Barring a reversal of fortune or clever marketing stunt, Rino Sashihara, a 19-year-old singer who's been involved with AKB48 since 2007, won't be part of the Tokyo Dome performance.
According to Coffee Meets Bagel, which claims to help singles look for meaningful relationships rather than one-night stands, 66 per cent of Hongkongers who have downloaded the app log on every day. The smartphone app, started four years ago and claiming to have made up to 2.5 billion introductions worldwide since then, expanded to Hong Kong in March last year.
Sashihara, one of the group's most popular members, denied his allegations, but the damage had been done.
She was removed from AKB48 and transferred to far-less-celebrated sister group HKT48 based on the other side of the country. Whereas in America, fans and the media obsess over every detail of, say, teen-pop stars Justin Bieber and Selena Gomez's relationship, Japan's entertainment industry has a long history of pretending that its stars simply have no romantic interests—and punishing them when the illusion is broken.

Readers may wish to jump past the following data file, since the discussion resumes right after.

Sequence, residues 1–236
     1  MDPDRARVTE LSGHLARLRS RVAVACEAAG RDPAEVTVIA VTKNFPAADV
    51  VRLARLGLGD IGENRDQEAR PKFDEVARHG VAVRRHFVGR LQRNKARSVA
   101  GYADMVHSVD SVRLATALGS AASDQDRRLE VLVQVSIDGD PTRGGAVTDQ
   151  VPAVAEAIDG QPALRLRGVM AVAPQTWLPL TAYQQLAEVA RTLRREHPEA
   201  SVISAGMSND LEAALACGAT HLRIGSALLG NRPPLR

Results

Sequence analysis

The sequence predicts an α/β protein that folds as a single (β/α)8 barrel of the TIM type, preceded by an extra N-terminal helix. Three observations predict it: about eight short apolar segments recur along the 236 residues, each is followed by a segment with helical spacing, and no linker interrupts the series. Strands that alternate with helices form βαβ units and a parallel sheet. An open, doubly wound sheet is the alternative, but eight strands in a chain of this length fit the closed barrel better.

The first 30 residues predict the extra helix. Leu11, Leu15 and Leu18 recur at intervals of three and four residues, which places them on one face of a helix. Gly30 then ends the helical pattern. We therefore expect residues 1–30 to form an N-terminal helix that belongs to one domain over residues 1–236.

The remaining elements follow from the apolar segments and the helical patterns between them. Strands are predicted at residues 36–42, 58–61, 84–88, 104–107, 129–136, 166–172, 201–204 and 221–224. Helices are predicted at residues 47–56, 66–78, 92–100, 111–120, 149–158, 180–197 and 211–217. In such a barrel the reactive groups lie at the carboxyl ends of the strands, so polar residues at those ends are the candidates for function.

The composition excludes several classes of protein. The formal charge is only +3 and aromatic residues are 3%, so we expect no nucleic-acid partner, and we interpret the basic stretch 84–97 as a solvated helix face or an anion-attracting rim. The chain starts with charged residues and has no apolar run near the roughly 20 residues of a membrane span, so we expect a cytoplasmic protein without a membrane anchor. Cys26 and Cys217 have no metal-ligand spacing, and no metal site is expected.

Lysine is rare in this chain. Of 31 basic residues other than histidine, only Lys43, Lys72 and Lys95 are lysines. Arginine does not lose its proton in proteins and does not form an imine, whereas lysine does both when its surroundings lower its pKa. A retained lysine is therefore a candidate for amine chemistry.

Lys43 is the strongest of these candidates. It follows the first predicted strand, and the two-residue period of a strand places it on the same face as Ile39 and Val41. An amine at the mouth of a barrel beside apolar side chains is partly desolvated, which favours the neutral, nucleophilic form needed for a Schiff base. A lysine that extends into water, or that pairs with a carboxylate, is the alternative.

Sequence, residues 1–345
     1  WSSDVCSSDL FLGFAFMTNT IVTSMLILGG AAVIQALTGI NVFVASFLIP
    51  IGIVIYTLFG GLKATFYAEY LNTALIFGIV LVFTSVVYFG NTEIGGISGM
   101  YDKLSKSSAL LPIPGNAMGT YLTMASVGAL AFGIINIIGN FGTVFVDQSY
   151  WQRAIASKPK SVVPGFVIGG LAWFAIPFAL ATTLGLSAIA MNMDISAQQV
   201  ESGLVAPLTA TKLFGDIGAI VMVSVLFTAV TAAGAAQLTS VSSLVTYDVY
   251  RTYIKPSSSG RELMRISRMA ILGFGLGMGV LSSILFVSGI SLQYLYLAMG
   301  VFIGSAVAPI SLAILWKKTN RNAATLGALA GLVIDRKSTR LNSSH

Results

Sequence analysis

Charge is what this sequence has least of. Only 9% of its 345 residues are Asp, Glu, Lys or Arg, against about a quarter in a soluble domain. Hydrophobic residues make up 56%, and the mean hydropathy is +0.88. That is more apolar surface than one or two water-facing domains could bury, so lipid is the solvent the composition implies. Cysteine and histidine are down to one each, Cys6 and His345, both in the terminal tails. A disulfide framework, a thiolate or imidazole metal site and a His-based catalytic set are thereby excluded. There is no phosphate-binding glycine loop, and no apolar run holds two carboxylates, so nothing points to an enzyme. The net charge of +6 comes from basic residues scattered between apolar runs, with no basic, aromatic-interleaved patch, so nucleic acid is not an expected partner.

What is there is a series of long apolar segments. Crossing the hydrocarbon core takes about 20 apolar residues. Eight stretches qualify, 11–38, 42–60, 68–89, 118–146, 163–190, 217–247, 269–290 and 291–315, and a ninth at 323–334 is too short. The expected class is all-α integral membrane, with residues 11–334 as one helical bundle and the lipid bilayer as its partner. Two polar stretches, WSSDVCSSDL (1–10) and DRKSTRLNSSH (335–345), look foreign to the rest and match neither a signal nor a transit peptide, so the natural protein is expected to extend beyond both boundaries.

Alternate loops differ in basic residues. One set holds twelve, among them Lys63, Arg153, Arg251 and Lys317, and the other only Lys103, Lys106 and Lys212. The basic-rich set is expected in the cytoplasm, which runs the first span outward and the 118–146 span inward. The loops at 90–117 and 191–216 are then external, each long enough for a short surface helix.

(In Japan, "idols" are prepackaged pop singers with choreographed moves, rabid fanbases, and pure-seeming public personas).
The policy didn't lead to any scandals within Onyanko Club—an underage smoking controversy stands as that outfit's most salacious shakeup—and various members have since said they secretly dated men during their time with the group.